My Wacky Brain
"Attention Deficit Disorder. First of all I resent the term. As far as I'm concerned most people have Attention Surplus Disorder. I mean, life being what it is, who can pay attention to anything for very long? Is it really a sign of mental health to be able to balance your checkbook, sit still in your chair, and never speak out of turn? As far as I can see, many people who don't have ADD are charter members of the Congenitally Boring."
Amen to that!
"In other ways it's like being super-charged all the time. You get one idea and you have to act on it, and then, what do you know, but you've got another idea before you've finished up with the first one, and so you go for that one, but of course a third idea intercepts the second, and you just have to follow that one, and pretty soon people are calling you disorganized and impulsive and all sorts of impolite words that miss the point completely. Because you're trying really hard. It's just that you have all these invisible vectors pulling you this way and that which makes it really hard to stay on task."
That's an understatement. The point is that I try really hard, it just doesn't look like it.
" Lines. I'm almost incapable of waiting in lines. I just can't wait, you see. That's the hell of it. Impulse leads to action. I'm very short on what you might call the intermediate reflective step between impulse and action. That's why I, like so many people with ADD, lack tact. Tact is entirely dependent on the ability to consider one's words before uttering them. We ADD types don't do this so well. I remember in the fifth grade I noticed my math teacher's hair in a new style and blurted out, "Mr. Cook, is that a toupee you're wearing?" I got kicked out of class. I've since learned how to say these inappropriate things in such a way or at such a time that they can in fact be helpful. But it has taken time. That's the thing about ADD. It takes a lot of adapting to get on in life. But it certainly can be done, and be done very well. "
I don't do lines, I can tolerate drive throughs because I have the radio on. The new self checkout things are the best thing to happen to me in a long time. I was talking to a girl at a bar the other day and she said. "You're weird" I didn't reply but I was thinking, "you're boring".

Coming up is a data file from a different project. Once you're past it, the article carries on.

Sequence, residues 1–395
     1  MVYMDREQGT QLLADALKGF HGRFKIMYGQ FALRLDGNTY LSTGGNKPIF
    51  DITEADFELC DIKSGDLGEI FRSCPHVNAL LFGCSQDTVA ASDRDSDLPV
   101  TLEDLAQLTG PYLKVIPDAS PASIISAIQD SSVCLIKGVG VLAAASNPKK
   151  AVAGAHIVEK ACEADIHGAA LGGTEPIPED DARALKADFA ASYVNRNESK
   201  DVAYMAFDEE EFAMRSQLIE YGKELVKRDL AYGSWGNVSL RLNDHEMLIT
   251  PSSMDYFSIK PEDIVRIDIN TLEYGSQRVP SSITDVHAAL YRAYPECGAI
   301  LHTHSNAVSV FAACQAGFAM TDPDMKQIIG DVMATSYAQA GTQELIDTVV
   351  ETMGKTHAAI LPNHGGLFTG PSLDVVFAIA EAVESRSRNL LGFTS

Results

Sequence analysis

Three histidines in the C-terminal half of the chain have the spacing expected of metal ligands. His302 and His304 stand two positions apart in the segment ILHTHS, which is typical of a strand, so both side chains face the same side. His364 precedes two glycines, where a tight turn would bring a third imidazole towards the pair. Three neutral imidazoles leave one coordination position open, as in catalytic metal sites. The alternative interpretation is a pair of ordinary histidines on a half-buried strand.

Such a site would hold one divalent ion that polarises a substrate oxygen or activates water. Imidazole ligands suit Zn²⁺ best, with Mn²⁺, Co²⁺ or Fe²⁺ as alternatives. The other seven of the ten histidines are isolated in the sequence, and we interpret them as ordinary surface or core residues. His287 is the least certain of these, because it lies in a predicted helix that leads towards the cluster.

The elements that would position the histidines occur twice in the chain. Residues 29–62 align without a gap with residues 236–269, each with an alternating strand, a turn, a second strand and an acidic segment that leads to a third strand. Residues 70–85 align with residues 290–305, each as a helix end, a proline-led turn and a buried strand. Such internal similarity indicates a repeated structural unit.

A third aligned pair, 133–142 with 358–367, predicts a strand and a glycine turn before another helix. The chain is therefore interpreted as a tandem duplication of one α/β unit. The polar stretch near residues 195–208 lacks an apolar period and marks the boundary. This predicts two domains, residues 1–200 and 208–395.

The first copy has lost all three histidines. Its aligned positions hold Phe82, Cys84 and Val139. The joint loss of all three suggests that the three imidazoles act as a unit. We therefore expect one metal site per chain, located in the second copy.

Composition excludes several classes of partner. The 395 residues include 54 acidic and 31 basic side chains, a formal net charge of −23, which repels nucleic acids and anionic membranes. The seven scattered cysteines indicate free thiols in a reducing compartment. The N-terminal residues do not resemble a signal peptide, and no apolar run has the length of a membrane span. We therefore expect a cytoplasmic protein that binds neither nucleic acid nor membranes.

" Many of us with ADD crave high-stimulus situations. In my case, I love the racetrack. And I love the high-intensity crucible of doing psychotherapy. And I love having lots of people around. Obviously this tendency can get you into trouble, which is why ADD is high among criminals and self-destructive risk-takers. It is also high among so-called Type A personalities, as well as among manic-depressives, sociopaths and criminals, violent people, drug abusers, and alcoholics. But is is also high among creative and intuitive people in all fields, and among highly energetic, highly productive people. "
I think this is why I race my car and have a trunkload of speeding tickets.
"Which is to say there is a positive side to all this. Usually the positive doesn't get mentioned when people speak about ADD because there is a natural tendency to focus on what goes wrong, or at least on what has to be somehow controlled. But often once the ADD has been diagnosed, and the child or the adult, with the help of teachers and parents or spouses, friends, and colleagues, has learned how to cope with it, an untapped realm of the brain swims into view. Suddenly the radio station is tuned in, the windshield is clear, the sand storm has died down. And the child or adult, who had been such a problem, such a nudge, such a general pain in the neck to himself and everybody else, that person starts doing things he'd never been able to do before. He surprises everyone around him, and he surprises himself. I use the male pronoun, but it could just as easily be she, as we are seeing more and more ADD among females as we are looking for it. "
I need to learn to better cope with it.
"What I am saying is that their cognitive style is qualitatively different from most people's, and what may seem impaired, with patience and encouragement may become gifted. "
I'm not normal. I got the gifted label when I was a kid but most people preferred weird. My college philosophy teacher probably had it too because she "got" me. She would constantly ask me to tell the class my opinion on the day's topic. Here's a good way of explaining what it's like. I'd get the best grades on tests in class through high school and college but I'd get a C in the class because I never could finish my homework. I was offered a job by my professor as a Calculus tutor in college even though I had to retake the class. I had to take a remedial art class to have enough credits to graduate from High School which was right next to my advanced placement Government class. I can forget someone's name that I've met 15 times but I know little details about their life. That's all totally counterintuitive but such is my brain.
So I hope those of you that know me that read this understand now a little better where I'm coming from. Read the whole article I was referencing here.